Friday, September 21, 2012
Tuesday, September 18, 2012
While reading a story this morning about Dodgers pitcher Jamey Wright, who expressed how much he wants the opportunity to get champagne sprayed in his eyes and feel that burn for the first time in his career, it got me thinking about the champagne protocol in light of baseball’s new postseason.
Under the new rules this year, a second wild card team was added. The two wild cards will meet in a one-game, winner-take-all showdown to advance to the best-of-5 division series.
Will the teams that “win” a wild card berth spray each other with champagne to celebrate reaching a one-game playoff? Will the teams that win the one-game playoff pop the bubbly to celebrate winning a single game?
I’m in favor of neither. If I had to pick one, I originally thought that clinching the wild card berth would be better, since it’s a reward for a 162-game season. My friend and colleague Jeff Fletcher point out on Twitter that the one-game playoff is essentially game 163 in the season, and the celebration should take place after winning that game. I still want neither, but I agree with Fletch.
Overall, this year is the perfect time for baseball to overhaul its champagne celebration tradition.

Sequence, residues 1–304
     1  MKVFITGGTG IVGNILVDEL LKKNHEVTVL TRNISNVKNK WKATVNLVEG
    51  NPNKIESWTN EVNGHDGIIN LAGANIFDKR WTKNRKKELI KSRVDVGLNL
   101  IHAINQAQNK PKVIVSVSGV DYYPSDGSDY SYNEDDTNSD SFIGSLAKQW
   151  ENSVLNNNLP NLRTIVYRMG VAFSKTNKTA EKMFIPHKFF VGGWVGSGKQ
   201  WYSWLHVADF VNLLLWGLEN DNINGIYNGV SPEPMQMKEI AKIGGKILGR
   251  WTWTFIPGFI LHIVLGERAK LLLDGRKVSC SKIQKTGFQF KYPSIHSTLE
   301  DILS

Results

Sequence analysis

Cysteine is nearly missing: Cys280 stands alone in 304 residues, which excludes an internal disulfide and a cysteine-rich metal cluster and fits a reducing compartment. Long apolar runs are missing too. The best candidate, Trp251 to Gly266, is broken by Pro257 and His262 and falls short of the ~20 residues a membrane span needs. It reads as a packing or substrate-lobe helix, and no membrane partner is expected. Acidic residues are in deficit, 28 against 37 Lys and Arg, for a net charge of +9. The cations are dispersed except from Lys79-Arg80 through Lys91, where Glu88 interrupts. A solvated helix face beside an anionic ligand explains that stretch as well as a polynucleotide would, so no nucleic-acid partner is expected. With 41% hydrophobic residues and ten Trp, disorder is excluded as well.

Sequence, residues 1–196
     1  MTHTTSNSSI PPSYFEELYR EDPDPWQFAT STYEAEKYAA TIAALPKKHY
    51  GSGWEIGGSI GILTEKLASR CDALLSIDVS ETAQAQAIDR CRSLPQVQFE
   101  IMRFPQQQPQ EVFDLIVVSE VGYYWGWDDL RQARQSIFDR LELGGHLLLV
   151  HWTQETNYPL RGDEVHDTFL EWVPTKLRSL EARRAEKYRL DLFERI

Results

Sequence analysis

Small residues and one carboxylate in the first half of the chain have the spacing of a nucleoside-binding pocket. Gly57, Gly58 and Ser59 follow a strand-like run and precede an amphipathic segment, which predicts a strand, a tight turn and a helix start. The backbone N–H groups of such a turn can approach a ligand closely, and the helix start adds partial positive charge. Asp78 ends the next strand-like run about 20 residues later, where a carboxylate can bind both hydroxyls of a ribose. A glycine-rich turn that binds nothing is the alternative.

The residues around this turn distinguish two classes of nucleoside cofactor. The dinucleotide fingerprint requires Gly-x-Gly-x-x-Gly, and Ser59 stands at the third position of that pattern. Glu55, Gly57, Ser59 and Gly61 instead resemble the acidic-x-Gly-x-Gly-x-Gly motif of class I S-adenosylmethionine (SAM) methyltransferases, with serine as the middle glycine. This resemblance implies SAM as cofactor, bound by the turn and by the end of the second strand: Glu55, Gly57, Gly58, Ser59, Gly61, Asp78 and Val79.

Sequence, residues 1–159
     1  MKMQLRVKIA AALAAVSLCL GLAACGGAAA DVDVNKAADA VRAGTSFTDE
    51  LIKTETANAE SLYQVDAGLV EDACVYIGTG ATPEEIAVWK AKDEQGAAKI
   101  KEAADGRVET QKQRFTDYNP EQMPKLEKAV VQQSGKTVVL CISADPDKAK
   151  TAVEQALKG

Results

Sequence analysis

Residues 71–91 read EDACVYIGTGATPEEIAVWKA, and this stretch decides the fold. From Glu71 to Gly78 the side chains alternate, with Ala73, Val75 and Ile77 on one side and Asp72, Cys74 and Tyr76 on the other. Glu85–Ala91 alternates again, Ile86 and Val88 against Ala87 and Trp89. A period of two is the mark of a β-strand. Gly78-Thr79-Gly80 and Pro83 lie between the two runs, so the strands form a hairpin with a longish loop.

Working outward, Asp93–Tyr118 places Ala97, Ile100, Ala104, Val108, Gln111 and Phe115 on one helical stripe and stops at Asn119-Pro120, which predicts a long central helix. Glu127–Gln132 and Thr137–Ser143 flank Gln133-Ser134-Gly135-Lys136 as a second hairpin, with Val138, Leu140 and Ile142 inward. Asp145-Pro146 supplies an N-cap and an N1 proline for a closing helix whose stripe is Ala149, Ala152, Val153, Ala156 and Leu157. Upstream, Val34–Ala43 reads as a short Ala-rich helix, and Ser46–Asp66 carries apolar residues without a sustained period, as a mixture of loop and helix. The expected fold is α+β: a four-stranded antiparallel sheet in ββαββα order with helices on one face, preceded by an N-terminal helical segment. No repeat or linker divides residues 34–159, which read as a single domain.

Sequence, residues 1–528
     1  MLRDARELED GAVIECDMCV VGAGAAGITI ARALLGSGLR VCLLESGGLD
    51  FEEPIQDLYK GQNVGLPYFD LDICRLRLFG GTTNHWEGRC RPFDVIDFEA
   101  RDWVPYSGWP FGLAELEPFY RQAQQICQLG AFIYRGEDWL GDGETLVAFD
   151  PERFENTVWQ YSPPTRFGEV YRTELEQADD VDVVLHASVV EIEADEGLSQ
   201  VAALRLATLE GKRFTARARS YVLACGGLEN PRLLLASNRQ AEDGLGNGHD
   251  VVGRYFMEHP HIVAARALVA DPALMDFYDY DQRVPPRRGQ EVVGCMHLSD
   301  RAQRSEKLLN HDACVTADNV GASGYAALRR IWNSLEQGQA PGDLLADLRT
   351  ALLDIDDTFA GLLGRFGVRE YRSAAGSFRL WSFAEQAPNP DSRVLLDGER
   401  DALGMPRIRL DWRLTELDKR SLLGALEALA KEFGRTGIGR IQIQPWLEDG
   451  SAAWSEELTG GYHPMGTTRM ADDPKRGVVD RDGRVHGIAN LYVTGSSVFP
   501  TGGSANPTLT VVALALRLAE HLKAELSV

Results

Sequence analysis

Tuesday, September 11, 2012
On my 39th birthday, I made a list of "40 things to do before turning 40." Each time I check an item off the list, I'll write about it here. This is item No. 4, watching a movie at the Hollywood Cemetery.
--by Josh Suchon
Watching a movie in the Hollywood Cemetery is similar to attending a football game. It’s more than a game (or movie). The movie is almost an after-thought. This is an (almost) all-night event, similar to tailgating. Except you’re not in a car and there’s definitely no BBQing. This is picnicking around the dead.
I felt right at home.
Thanks to my friends Emilie and Tyler, I was invited to join them last Saturday to see the Woody Allen movie “Manhattan” projected against a big white wall, surrounded by a bunch of really expensive tombstones and caskets.
Emilie and Tyler made sure we got there early. Very early. The movie started at 8 pm. The gates opened at 6:30 pm. Emilie and Tyler were there about 4:30 pm, making sure we were near the front of the line. I got there around 5:30 pm.
What do you do for an hour? Duhh. You drink. And eat. And play games. We had no shortage of any of these items. I did learn that certain games are better than others. The hosts made it clear they prefer games that involve “yelling out the answers.”
Monday, September 10, 2012
-- by @Josh_Suchon
A recent brief Twitter exchange between myself and former classmate Gabrielle Union got me thinking about the most famous alums at my high school. A quick check of Wikipedia showed that either my school is either really pathetic in developing famous people, or Wikipedia needs some help. Either way, I decided it was time to research my school further, and compile a list.
My school is Foothill High in Pleasanton, Calif., a middle-class suburb in the East Bay. It’s a fairly new school. It was founded in 1973 with a freshman-only class. Each year, a new freshman class was added, and the first graduating class was 1977.
The list will probably be a work-in-progress, as more names are brought to my attention.
But for now, here goes:
1. Actress Gabrielle Union (Class of 1991)